“I will put enmity between you [Satan] and the woman, and between your offspring and her offspring [Jesus]. He shall bruise your head, and you shall bruise his heel” (Genesis 3:15—read Genesis 3:1-21).
On the same day of the first sin came the first preaching of the Gospel. God had created the world and all that exists. He had planted a garden, and in that garden he put the first man and the first woman. They were to care for the garden and all it contained, both plants and animals. They were to be fruitful and multiply and fill the earth. They were to rest every seventh day. Any of these commandments they could have broken for the first sin. Instead, they ate the fruit of a tree that had been forbidden to them. This act of rebellion against God’s clear commandment caused them to know what evil is. They feared God and tried to hide from him. They looked for someone else to blame for their sin. Being separated from God, they were spiritually dead, and eventually they would physically die.
Yet when God confronted them, they did confess their sin. Adam tried to blame Eve (and also, indirectly, God—“the woman You gave me”), and Eve tried to blame the serpent. They both pointed the finger of blame elsewhere, and the poor serpent had no finger to point. But they confessed: each of them admitted, “I ate.”
Satan had taken the form of a serpent to tempt Eve—and through her, Adam—to join him in his revolt against God. God let Satan know that the shape he had taken foretold his fate. He would crawl on the ground and eat dust—in other words, Satan was going to lose. On the other hand, God already had a plan to rescue and redeem Adam and Eve and their descendants. As Satan used a tree to defeat them, so God would use a tree to defeat Satan—the tree of the cross. Satan did not gain allies in his revolt: he gained enemies. He would cause harm to humanity, and even to God when God became human. God would suffer on the cross, but his suffering was small compared to Satan’s suffering. His suffering led to victory; Satan’s head was crushed in the victory Christ won on the cross.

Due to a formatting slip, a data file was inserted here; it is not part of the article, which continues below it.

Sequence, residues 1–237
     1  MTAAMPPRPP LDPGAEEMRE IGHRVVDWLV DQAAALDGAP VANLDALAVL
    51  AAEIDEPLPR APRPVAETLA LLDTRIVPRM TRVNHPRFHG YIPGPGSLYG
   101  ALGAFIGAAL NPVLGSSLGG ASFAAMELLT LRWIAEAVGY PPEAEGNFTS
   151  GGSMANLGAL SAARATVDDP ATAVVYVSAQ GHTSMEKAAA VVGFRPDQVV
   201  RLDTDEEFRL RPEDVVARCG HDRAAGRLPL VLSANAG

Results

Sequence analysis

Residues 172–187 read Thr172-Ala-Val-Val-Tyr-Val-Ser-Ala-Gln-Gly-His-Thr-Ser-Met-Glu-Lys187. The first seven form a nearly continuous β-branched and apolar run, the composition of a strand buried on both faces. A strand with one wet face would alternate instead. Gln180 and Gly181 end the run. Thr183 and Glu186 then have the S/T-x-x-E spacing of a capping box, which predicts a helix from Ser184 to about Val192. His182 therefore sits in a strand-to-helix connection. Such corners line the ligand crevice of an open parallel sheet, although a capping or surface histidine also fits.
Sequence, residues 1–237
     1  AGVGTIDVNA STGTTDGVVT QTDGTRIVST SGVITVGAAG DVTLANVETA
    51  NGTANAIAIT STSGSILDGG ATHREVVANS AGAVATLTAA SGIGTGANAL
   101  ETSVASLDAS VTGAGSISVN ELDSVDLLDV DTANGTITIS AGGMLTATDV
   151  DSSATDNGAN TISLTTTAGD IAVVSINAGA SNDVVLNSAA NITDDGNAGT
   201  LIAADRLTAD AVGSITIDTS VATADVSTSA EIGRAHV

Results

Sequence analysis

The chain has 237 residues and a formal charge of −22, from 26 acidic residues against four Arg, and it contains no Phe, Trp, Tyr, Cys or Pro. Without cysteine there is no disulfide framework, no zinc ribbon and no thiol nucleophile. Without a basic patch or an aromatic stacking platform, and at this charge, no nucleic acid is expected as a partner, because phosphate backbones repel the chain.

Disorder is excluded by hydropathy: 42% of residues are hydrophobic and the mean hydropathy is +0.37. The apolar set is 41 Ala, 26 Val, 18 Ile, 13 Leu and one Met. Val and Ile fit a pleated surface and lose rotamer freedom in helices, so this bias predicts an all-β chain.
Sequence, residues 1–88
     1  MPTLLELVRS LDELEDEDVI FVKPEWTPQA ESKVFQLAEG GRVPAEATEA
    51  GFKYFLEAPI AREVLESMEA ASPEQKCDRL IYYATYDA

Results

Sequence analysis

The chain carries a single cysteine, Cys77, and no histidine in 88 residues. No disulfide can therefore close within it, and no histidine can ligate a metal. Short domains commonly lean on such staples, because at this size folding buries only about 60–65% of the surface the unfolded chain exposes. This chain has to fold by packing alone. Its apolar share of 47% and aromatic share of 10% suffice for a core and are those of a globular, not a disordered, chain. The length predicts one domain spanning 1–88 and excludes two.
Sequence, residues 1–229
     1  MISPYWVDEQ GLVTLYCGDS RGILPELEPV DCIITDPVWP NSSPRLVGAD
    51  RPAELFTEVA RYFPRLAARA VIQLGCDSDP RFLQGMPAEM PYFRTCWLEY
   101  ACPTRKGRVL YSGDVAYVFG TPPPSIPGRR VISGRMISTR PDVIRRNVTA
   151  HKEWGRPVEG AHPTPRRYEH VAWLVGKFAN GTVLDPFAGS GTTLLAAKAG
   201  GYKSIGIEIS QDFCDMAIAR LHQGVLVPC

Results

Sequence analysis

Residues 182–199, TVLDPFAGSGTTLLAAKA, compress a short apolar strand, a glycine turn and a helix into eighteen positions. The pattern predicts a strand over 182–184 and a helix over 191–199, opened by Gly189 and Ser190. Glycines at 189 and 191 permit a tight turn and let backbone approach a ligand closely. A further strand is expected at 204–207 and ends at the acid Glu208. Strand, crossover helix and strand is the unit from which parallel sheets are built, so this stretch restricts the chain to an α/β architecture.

Christians are called to bear fruit for the Lord. His commandments tell us why he made us. They tell us how to love and honor him, and they tell us how to love and serve one another. Without God’s redemption, though, no one can bear fruit pleasing to the Lord. We are like an orchard of bare, dead trees. We are fruitless. We are worth nothing except as fuel for the fireplace.
On one dead tree, Jesus changed all that. On the dead wood of the cross, Jesus gave life to his people. Now all those who trust in Jesus have their sins forgiven and removed. All those who trust in Jesus are clothed in his righteousness. All those who trust in Jesus bear fruit pleasing to God, and, as a result, we are certain of a place in his kingdom. We will live forever in his new creation.
Adam and Eve tried to clothe themselves with fig leaves because of their shame. God provided them instead with garments of animal skins. The death of those animals pictured the death of Jesus, because by his death and through Baptism he clothes us in his righteousness.
Adam and Eve heard the promise about Jesus, believed it, and were redeemed. We also hear this promise, believe it, and are redeemed. Nothing has changed since the beginning, expect for this: Jesus has come and has kept the promise. Thanks be to God! J.